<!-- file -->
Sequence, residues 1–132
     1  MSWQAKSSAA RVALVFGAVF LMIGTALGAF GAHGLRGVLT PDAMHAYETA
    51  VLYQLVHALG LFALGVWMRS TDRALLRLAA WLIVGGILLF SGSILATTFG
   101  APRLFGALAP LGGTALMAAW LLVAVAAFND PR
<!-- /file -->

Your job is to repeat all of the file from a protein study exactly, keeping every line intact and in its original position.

Sequence, residues 1–132
     1  MSWQAKSSAA RVALVFGAVF LMIGTALGAF GAHGLRGVLT PDAMHAYETA
    51  VLYQLVHALG LFALGVWMRS TDRALLRLAA WLIVGGILLF SGSILATTFG
   101  APRLFGALAP LGGTALMAAW LLVAVAAFND PR